Everyone’s comments are peer-reviewed to start. Commenters with a history of civil comments can earn trusted status. After that, the peer reviews become optional.

“So many news sites are turning off their comments because they can’t afford to monitor and moderate them 24/7,” Aja Bogdanoff, one of the Civil co-founders, said in an email.

“That’s a real loss, both for the sites and for their audiences. Public discussion is crucial to online spaces; we don’t want to see it disappear.

“We’re big supporters of free speech and honest debate; no one wants to see comments sanitized. The thing is, comment sections that become toxic have a real silencing effect on potential commenters.

“When participants are guaranteed a basic level of civility and respect, we see a lot more people willing to join in and debate in the comments.”

Our regular Facebook feed itself isn’t affected by any of this.

Please take some time and get familiar with the new peninsuladailynews.com. Test-drive it. Kick the tires. To help you explore the whole site, we are leaving the paywall down for one week.

If you want to tell us what you like — or what bugs you or what could be improved — please message us at lleach@peninsuladailynews.com ortward@peninsuladailynews.com.

If you are having technical problems using the new site, contact webmaster@peninsuladailynews.com.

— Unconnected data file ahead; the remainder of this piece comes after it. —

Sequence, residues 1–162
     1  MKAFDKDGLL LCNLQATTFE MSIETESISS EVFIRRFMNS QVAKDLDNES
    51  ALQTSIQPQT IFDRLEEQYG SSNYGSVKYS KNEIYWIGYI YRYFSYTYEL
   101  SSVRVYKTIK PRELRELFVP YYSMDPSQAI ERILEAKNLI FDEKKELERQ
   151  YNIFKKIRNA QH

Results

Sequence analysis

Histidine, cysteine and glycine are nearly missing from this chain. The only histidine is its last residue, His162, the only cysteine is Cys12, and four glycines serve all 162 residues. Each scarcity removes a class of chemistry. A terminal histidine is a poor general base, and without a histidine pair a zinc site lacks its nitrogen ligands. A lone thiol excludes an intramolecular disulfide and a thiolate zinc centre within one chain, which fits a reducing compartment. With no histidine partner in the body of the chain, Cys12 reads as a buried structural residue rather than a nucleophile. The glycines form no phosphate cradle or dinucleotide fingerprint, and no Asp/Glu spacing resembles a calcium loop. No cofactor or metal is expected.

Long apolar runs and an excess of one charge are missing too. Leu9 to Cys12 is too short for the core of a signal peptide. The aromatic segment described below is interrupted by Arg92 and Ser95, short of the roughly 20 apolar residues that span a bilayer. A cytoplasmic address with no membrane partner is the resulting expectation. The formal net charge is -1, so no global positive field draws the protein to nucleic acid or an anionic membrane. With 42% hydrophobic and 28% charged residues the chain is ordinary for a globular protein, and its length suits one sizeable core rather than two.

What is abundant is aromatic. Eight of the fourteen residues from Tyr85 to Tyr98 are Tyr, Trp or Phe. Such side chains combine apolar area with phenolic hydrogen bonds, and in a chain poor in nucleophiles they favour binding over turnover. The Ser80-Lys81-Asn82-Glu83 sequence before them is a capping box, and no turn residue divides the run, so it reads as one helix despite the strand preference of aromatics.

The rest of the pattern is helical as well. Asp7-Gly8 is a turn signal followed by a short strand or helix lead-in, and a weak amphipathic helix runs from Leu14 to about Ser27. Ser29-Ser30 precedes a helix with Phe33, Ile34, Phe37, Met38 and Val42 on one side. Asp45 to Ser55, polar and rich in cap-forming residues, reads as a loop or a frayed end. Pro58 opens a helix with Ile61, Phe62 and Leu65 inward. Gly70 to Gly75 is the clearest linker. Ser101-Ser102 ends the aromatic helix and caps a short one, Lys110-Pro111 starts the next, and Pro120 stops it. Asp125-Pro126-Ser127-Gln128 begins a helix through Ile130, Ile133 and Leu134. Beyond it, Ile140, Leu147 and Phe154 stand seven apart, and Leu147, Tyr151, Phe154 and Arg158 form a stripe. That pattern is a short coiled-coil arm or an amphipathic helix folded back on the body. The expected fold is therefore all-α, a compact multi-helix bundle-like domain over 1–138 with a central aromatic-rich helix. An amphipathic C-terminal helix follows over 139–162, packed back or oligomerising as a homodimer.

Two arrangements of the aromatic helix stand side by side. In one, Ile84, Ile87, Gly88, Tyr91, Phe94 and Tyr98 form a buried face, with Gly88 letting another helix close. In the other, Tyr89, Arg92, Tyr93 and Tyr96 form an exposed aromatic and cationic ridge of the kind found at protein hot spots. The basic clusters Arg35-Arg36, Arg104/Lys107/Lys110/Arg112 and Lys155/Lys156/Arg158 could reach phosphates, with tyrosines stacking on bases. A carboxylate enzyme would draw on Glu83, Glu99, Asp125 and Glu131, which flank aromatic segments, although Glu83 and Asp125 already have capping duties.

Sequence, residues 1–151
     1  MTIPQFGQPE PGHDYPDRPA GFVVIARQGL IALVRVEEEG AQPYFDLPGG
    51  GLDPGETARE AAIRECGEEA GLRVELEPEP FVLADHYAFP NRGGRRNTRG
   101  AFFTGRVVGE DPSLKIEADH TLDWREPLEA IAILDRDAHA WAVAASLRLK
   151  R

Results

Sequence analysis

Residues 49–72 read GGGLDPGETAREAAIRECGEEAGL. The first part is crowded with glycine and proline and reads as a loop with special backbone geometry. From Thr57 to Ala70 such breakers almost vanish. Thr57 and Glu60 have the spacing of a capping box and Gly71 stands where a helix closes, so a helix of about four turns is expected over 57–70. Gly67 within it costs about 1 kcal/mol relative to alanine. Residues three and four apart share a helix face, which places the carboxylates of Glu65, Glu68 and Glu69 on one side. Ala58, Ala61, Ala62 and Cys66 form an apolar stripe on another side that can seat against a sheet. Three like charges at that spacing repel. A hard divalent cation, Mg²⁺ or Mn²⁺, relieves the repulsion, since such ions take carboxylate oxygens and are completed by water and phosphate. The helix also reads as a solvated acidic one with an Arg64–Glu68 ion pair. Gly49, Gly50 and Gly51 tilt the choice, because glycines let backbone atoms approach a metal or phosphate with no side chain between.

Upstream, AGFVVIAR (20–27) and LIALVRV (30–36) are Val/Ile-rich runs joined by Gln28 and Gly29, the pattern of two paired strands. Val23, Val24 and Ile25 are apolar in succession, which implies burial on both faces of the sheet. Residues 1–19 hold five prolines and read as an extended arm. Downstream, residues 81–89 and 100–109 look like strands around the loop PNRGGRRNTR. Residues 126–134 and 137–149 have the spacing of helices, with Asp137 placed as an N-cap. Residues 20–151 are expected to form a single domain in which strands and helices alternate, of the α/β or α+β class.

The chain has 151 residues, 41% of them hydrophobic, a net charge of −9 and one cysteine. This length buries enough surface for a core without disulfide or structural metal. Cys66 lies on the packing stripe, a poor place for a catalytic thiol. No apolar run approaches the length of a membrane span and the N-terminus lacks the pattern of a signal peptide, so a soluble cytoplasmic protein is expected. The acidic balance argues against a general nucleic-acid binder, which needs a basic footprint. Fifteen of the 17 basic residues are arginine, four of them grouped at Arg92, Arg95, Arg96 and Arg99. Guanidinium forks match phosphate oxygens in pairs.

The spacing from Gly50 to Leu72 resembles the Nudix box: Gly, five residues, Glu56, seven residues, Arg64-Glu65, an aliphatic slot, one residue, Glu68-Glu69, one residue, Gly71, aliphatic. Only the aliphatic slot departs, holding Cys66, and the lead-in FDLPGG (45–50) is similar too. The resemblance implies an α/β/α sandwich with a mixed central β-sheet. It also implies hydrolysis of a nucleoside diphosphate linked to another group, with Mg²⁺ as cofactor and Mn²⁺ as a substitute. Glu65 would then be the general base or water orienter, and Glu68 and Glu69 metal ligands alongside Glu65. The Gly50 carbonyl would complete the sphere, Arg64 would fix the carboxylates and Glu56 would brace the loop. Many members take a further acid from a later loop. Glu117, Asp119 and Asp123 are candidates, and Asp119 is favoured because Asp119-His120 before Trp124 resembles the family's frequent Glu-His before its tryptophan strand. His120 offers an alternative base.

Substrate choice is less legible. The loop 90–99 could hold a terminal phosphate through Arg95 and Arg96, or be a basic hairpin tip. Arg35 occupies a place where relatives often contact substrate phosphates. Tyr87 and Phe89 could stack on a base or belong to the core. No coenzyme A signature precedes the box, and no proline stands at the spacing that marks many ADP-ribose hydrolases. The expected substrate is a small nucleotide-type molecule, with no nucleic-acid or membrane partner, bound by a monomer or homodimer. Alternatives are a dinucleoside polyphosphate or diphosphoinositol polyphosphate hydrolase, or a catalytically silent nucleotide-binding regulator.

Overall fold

Thanks for reading.

— Leah Leach, executive editor

— Terry Ward, publisher

More in News

KEITH THORPE/PENINSULA DAILY NEWS
Communications officer Ian Harrington oversees a bank of computer screens at the Peninsula Communications emergency dispatch center on Wednesday in Port Angeles.
The hidden first responders

911 dispatch center struggles with employment crisis

Port Townsend Council talks to city seat hopefuls

Interviews four candidates for appointment

Christopher Urquia
Port Angeles Food Bank to go solar with state grant

Takes steps towards sustainable energy

Two vehicles totaled, two transported to hospital

Two individuals were transported to the hospital after a two-car… Continue reading

A large brush fire that charred a vacant lot near 13th and K streets on the west side of Port Angeles on Monday underscores the current level of fire danger. (KEITH THORPE/PENINSULA DAILY NEWS)
Clallam County Fire Marshal upgrades burn ban

The Clallam County Fire Marshal has upgraded fire restrictions… Continue reading

KEITH THORPE/PENINSULA DAILY NEWS
A canoe from Ahousaht First nations of western Vancouver Island is hauled ashore by volunteers on Tuesday on Lower Elwha Clalllam land near the mouth of the Elwha River west of Port Angeles.
Power Paddlers bound for Puyallup

A canoe from Ahousaht First Nations of western Vancouver Island is hauled… Continue reading

Two banned from Port Angeles senior center

Outside food policy at center of controversy

Indigent defense caseloads may decrease

Local stakeholders express opposed perspectives on potential implications

Mike Chapman
State senate candidates debate policy differences

Chapman, Kelbon vie for 24th District

Marine sanctuary plans birthday festivities

The Olympic Coast National Marine Sanctuary is inviting the… Continue reading

Construction night crews plan work on Highways 19 and 104

Work crews will be completing the construction of the… Continue reading